It was found that the ground can artificially be raised more advantageously by converting an equivalent quantity of calcite (CaCO 3 ) present in the porous underground limestone formations into gypsum (CaSO 4 ) by means of injecting a quantity of sulphuric acid.
The calcite then reacts with the sulphuric acid to form gypsum according to the reaction:
CaCO 3 + 2H&spplus + SO 2 4 ̅ + H 2 O → CaSO 4 .2H 2 O + CO 2 .
This reaction is thermally inert, i.e. the heat of reaction is virtually equal to 0.
The Gibbs energy of the reaction is such that equilibrium lies considerably to the right, and this means that the reaction will proceed spontaneously even for low sulphate concentrations in weak acids and even against high CO 2 tensions.
The ground rises due to the fact that the molar volume of gypsum is 74.7 cm 3 , and this is more than twice the molar volume of calcite (36.9 cm3). A volume change of 100% therefore takes place during the conversion.
These molar volumes were, of course, known, but until now no one has proposed to make use of the reaction described and the molar increase in volume which takes place during it to raise the ground when the ground contains limestone.
The abovementioned reaction offers the possibility of artificially raising certain parts of the land or of the sea bed in front of the coast.
From the above explanation it will be clear that such an artificial raising of the ground may be of importance for coastal defence in view of the rise in sea level to be expected.
In particular, Ameland, which threatens to become submerged within a time span of a century owing to the rise in sea level is of concern in this connection.
Several factors which oppose each other play a part in the propagation of acid in the calcite formation. On the one hand, the pore volume of the formation will be sealed by crystallization as a result of the formation of gypsum. On the other hand, the CO 2 formed keeps the pores open and this may even give rise to cracks in the rock, but there is no reason to suppose that the CO 2 will diffuse through the approximately 500 m thick covering layer if reference is made to the analogy of natural gas which has equally not diffused away.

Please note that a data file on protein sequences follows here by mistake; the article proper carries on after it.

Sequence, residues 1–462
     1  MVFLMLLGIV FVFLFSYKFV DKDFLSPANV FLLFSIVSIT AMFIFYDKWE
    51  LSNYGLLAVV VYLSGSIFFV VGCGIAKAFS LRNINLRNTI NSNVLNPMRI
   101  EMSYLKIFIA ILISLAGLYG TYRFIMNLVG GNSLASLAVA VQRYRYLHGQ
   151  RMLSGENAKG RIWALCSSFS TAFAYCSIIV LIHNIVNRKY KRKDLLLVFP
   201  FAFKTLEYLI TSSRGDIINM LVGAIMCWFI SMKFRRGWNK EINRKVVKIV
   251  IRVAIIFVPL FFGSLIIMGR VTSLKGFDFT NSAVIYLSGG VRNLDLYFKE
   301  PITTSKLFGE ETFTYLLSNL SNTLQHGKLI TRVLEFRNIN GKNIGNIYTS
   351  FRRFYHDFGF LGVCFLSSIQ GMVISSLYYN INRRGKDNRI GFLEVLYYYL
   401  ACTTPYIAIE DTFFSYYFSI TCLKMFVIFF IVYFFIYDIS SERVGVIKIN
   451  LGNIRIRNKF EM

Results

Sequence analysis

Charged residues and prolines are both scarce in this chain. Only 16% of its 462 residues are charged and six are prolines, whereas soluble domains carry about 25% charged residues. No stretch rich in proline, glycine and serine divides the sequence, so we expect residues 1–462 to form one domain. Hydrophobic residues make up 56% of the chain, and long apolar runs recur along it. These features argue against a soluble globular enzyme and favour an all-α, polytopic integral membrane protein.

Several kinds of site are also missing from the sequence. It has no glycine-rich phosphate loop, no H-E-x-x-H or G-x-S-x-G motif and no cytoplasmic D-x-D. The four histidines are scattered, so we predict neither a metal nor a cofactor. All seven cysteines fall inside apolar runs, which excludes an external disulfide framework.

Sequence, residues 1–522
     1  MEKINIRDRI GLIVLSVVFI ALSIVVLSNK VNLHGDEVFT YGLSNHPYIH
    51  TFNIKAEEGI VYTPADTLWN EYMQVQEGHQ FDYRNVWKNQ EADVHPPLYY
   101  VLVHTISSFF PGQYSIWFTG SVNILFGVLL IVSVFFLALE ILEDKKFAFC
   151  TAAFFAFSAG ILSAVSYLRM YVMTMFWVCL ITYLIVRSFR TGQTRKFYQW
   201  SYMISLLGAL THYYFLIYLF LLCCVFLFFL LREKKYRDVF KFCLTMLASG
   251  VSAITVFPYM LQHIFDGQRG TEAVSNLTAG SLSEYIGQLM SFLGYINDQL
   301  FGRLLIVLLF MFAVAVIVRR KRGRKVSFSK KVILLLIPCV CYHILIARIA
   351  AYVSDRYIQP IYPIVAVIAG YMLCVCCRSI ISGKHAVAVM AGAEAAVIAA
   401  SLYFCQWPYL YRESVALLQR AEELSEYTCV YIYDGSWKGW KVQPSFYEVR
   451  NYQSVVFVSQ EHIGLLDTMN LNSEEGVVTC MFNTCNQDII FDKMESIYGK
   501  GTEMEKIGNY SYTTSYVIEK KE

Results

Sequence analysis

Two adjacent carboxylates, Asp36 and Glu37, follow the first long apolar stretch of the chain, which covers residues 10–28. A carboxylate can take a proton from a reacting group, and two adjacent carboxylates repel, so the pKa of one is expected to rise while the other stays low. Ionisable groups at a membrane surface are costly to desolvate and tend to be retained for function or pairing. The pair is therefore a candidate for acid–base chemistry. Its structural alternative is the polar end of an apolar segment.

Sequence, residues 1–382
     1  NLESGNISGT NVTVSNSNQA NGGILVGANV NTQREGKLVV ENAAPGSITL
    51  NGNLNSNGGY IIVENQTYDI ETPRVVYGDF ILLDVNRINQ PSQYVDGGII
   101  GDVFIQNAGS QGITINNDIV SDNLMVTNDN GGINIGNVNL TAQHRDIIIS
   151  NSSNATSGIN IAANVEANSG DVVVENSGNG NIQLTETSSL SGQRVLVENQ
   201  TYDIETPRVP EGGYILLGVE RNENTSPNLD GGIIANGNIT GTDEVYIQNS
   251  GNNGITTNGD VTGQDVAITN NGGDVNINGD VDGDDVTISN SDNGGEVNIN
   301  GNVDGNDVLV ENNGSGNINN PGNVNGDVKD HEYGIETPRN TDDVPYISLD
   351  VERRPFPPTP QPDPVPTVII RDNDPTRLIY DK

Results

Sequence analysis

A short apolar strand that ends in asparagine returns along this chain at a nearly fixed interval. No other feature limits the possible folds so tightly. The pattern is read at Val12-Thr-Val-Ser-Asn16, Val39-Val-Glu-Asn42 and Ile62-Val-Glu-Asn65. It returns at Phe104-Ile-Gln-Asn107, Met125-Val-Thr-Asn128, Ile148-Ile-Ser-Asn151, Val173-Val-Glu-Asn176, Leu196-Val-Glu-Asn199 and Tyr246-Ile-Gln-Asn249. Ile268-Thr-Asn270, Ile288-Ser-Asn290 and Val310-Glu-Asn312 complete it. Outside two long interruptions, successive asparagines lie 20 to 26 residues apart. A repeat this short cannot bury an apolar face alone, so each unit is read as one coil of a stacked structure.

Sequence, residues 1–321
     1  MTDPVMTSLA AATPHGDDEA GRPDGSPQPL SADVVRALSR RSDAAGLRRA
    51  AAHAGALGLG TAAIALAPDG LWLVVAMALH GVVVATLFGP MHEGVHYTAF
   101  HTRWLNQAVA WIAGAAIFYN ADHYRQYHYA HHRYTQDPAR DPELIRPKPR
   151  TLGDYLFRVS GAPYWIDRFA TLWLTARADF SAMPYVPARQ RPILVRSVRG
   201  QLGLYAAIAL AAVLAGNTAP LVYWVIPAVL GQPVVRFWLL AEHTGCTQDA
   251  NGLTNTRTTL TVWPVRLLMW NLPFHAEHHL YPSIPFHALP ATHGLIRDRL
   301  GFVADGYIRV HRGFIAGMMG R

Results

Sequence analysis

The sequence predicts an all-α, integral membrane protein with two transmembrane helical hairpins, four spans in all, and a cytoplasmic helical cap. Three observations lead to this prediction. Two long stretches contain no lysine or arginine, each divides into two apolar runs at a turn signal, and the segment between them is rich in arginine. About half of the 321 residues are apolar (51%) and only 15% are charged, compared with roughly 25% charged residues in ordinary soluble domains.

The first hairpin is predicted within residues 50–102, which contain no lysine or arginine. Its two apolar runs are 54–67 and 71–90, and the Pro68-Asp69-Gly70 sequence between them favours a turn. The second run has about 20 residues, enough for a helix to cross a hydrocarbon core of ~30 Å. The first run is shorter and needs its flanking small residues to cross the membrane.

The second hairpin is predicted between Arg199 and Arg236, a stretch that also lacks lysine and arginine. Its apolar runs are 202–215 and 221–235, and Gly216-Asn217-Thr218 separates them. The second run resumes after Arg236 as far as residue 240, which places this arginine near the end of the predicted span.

This method of "geochemical engineering" may, of course, be carried out with pure H 2 SO 4 , but for economic reasons, waste sulphuric acid will, in practice, have to be used.
Waste sulphuric acid is amply available. Until now some of it has been transported to the North Sea and dumped there. If a few million tonnes of waste sulphuric acid out of the quantity which annually becomes available in the countries surrounding the North Sea could be used annually for the abovementioned application, the sulphuric acid injection described would make a marked contribution to coastal defence while, at the same time, the environmental problem of the contaminated sulphuric acid would be solved in an environmentally responsible manner, the heavy metals contained therein being deposited in the limestone formation.
Preference is given to 50 per cent H 2 SO 4 because in that case it is exactly CaSO 4 .2H 2 O which is produced. If more dilute H 2 SO 4 is used, more has to be injected to obtain the same increase in volume.